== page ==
Tuesday, June 30, 2009

Where your treasure is

This is the photo provided by the San Diego Sheriff's office touting their helicopter. I can't honestly tell if these deputies are meant to be the three guys from "Ghostbusters," or the thin green line that stands between San Diego and anarchy. But the militarism of the image is a bit disturbing.

I've written before about this; about the creeping militarization of American society, about how we only have a civilization because we have a military, or militarized police. It's a Hobbseian view of government that would make Hobbes think twice. What's worse, of course, is that helicopter and 8 squad cars were used to subdue a Democratic fundraiser that was already breaking up when sheriff's deputies arrived and proceeded to pepper spray anyone within reach. What intrigues me about it, though, is this persistent idea that what we really have to fear are the people who will do us physical harm.

I live on the north side of I-10 in Houston. The south side, across from me, is some of the most expensive and exclusive real estate in the city (apart from River Oaks). There is a grocery store on the freeway, on the south side. The freeway access is important, not only to shoppers, but to any would be thieves in the parking lot looking for a snatch and grab on a purse, and a quick getaway. But because the store is on the south side, on the edge of the expensive real estate, it is considered "safe."

There is a new grocery store, near me, on the north side, equally accessible to the freeway, and much nicer than the store on the south side. Within a week of its opening, though, an e-mail made the rounds describing a frightening purse snatching incident, on top of which another victim (as the writer of the e-mail is describing her ordeal to another shopper in the parking lot) runs up to declare her car has been broken into, and the thieves escaped on...yes, the freeway. Shortly thereafter closed circuit TV cameras went up conspicuously in the parking lot (none in the lot on the south side of the freeway), and uniformed security officers stand at the doors, looking like police (and sometimes they are off-duty police) and riding around on a kind of Segway, to be sure the shoppers are safe. (Again, no such security measures deemed necessary at the south side store.) What's the difference between these stores? Location, location, location. On the north side of the freeway we are all poor, or dopers, drug runners, and cutthroats. At least according to those on the south side. Oh, and we're all shades of brown, too, since we can't afford the exclusive environs on the south side of the freeway. That part is true; we do have a lot of Asians, Hispanics, and Blacks on this side of the dividing line. Is it any wonder the freeway through this part of town was just widened to 26 lanes? It's a powerful symbol of demarcation.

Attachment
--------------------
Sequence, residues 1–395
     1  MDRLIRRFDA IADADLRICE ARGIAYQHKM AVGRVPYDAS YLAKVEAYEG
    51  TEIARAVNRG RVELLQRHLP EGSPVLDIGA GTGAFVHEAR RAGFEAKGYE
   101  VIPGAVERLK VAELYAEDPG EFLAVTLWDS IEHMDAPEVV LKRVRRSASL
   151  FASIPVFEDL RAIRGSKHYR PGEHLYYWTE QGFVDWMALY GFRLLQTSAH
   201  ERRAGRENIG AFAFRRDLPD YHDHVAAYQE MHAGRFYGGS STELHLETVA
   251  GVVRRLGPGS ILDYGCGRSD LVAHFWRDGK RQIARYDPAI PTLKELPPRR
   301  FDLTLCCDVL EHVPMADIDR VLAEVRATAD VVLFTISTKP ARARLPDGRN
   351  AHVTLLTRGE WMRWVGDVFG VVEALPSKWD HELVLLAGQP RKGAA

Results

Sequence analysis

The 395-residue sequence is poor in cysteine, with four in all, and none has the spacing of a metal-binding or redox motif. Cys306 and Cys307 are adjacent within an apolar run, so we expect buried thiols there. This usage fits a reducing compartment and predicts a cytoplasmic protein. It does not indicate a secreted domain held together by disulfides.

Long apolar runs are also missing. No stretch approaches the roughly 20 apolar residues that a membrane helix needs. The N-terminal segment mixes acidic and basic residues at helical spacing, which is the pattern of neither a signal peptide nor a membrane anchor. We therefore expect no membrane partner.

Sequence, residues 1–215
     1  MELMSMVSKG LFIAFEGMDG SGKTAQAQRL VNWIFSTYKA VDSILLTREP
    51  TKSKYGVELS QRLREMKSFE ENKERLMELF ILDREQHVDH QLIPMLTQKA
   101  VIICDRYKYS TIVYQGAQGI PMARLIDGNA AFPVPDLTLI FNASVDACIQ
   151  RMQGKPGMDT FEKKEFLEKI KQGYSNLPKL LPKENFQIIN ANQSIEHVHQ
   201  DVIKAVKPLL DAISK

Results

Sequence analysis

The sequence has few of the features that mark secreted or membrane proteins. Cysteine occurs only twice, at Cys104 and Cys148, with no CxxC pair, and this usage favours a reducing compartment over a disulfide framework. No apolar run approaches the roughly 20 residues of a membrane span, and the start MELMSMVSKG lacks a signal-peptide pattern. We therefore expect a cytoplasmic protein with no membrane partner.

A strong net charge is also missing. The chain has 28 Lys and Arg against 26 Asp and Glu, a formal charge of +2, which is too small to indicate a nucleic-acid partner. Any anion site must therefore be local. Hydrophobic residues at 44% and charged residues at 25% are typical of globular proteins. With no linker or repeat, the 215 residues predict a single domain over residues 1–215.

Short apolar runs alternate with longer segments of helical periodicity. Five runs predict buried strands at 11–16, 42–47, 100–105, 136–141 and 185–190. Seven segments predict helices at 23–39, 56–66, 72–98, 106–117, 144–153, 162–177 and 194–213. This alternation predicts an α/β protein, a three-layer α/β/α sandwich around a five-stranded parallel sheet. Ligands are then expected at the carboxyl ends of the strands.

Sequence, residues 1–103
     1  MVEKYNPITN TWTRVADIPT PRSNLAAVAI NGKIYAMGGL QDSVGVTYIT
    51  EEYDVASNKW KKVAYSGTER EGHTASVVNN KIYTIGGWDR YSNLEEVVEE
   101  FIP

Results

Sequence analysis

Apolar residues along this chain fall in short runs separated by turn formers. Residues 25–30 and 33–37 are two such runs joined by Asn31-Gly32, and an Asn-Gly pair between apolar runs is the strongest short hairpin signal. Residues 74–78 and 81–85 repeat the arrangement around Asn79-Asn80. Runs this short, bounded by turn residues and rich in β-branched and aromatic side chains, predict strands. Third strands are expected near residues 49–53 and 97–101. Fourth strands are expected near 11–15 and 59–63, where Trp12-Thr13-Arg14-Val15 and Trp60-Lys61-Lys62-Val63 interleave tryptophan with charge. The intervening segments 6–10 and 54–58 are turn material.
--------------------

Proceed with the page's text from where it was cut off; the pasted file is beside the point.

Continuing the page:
Why am I telling you this?

Because police and the military are needed to keep us safe from those who would harm us. And yet, yesterday, Bernie Madoff was sentenced to 150 years in prison. Go to TPM and listen to what was said about him. He was very much a criminal, very much a danger to society. Bernie Madoff is white, Jewish, respected, and at no time presented a threat of violence to anyone. Yet he did more harm to more people than anyone in my neighborhood, or in the city of Houston, has ever done. Why didn't the police and the military protect us from him? Aren't the greatest threats to our way of life "those people" who dream only of taking what we have by force of arms? Surely the people we trust and willingly hand our property to are not as dangerous as the people we fear and constantly worry about protecting our property from.

And what was it Jesus said about this?

Don't acquire possessions here on earth, where moth or insect eats away and where robbers break in and steal. Instead, gather your nest egg in heaven, where neither moth nor insect eats away and where no robbers break in or steal. As you know, what you treasure is your heart's true measure. (Matthew 6:19-21, SV)
Yeah, but he didn't really mean that. After all, the biggest church buildings in Houston are all on the south side of the freeway; or downtown, or inside the Beltway, where the high-rent districts are. So he couldn't have been serious about that. Besides, the helicopter riding Ghostbusters will protect us from what scares us most.

I ain't afraid o' no ghost....

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